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JAIDS Journal of Acquired Immune Deficiency Syndromes:
Optimising HIV Treatment - Building on Experience; Based on A Symposium Held Friday 15 March 2002, Seville, Spain

Impact of Nevirapine on Lipid Metabolism

Clotet, Bonaventura*; van der Valk, Marc†; Negredo, Eugenia*; Reiss, Peter‡

Section Editor(s): Cooper, David; Lange, Joep M. A.; Montaner, Julio S. G.

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Abstract

Abnormal blood lipid profiles may be observed both in HIV-infected individuals who are untreated and in those receiving highly active antiretroviral therapy (HAART). Besides maintaining optimal control of HIV replication and the preservation of immunity, treatment regimens ideally should have minimal or no metabolic side-effects.

Nevirapine (NVP)-based HAART has beneficial effects on the lipid profile, in both treatment-naïve and treatment-experienced patients, unlike protease inhibitor (PI)-based HAART. In antiretroviral (ARV)-naïve patients enrolled in the Fat Redistribution and Metabolic Substudy (FRAMS) of the Atlantic Study, the NVP-containing regimen increased total cholesterol, high density lipoprotein (HDL) cholesterol concentration and particle size and apolipoprotein A1 (apo A1) levels at 24 weeks. The changes in HDL cholesterol plasma levels were demonstrated to be sustained in a subset of 98 FRAMS patients at 96 weeks.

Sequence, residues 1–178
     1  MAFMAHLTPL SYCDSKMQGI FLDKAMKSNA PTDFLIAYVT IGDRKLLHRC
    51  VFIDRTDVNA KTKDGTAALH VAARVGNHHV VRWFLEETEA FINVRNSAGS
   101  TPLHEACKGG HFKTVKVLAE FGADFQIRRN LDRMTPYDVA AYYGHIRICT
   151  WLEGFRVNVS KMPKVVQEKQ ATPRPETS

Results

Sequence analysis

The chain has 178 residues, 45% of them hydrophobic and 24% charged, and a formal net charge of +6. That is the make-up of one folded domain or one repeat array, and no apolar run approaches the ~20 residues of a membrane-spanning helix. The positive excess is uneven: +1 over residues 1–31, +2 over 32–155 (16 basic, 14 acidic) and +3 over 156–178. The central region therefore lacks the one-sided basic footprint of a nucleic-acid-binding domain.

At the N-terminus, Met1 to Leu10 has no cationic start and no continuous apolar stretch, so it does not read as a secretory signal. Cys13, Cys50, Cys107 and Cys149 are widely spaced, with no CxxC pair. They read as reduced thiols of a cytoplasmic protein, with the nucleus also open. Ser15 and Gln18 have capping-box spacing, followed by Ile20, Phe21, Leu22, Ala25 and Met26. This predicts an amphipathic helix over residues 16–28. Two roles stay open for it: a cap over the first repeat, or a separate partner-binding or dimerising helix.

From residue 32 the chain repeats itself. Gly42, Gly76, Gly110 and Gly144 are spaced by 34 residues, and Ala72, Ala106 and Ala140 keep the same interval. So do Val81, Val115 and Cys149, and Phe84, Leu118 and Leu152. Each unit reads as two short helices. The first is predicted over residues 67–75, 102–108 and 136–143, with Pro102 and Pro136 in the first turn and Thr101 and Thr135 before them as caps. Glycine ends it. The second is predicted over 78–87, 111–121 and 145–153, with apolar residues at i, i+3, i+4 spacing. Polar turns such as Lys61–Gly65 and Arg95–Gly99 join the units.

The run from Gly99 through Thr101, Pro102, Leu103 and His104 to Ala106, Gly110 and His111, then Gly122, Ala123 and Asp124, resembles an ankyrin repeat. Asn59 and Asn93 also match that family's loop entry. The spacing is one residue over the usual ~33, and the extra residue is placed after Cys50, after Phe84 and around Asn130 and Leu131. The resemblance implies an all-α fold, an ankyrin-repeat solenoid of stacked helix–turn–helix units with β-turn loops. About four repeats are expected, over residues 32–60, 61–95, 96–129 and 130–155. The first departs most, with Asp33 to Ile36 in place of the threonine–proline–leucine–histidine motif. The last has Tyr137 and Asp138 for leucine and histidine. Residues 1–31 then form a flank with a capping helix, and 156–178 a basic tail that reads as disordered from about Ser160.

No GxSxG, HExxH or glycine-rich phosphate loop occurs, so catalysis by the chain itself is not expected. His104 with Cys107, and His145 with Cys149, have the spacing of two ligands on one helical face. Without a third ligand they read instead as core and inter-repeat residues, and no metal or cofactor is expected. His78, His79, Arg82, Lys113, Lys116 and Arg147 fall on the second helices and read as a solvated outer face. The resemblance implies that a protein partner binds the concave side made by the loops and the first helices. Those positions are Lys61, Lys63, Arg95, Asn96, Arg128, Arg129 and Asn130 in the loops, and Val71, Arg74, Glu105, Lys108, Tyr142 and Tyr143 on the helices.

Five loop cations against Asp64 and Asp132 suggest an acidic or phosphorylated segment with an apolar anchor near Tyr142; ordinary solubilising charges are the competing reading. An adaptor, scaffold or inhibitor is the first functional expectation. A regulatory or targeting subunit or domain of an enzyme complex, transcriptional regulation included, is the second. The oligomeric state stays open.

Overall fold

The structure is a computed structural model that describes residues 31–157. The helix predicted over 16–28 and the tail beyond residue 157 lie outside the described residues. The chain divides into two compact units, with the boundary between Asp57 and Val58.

Switching from a PI-containing regimen to a PI-sparing regimen containing NVP has likewise been shown to favorably alter lipid profiles in two open label studies. In one study, one or more lipid profile parameters (total cholesterol, low density lipoprotein [LDL] cholesterol, LDL particle size, very low density lipoprotein cholesterol [VLDL1] HDL cholesterol, HDL particle size) had reverted to normal after 24 weeks in significantly more NVP-treated patients than PI-treated patients (69% versus 23%, p < .05). The 12-month results from the Barcelona PI Switch Study indicated that NVP improved lipid profiles over 12 months after PI-treated patients were switched to NVP.

In conclusion, first-line NVP treatment is associated with a favorable lipoprotein profile, i.e., an increase in HDL-cholesterol and apo A1 plasma levels. The lipid profile observed in patients who are switched from a PI-based regimen to a NVP-based regimen improves in a very similar fashion. These favorable lipid profiles may be of clinical benefit in reducing the risk for coronary artery disease in HIV-1 infected patients who are receiving long-term antiretroviral therapy.

© 2003 Lippincott Williams & Wilkins, Inc.

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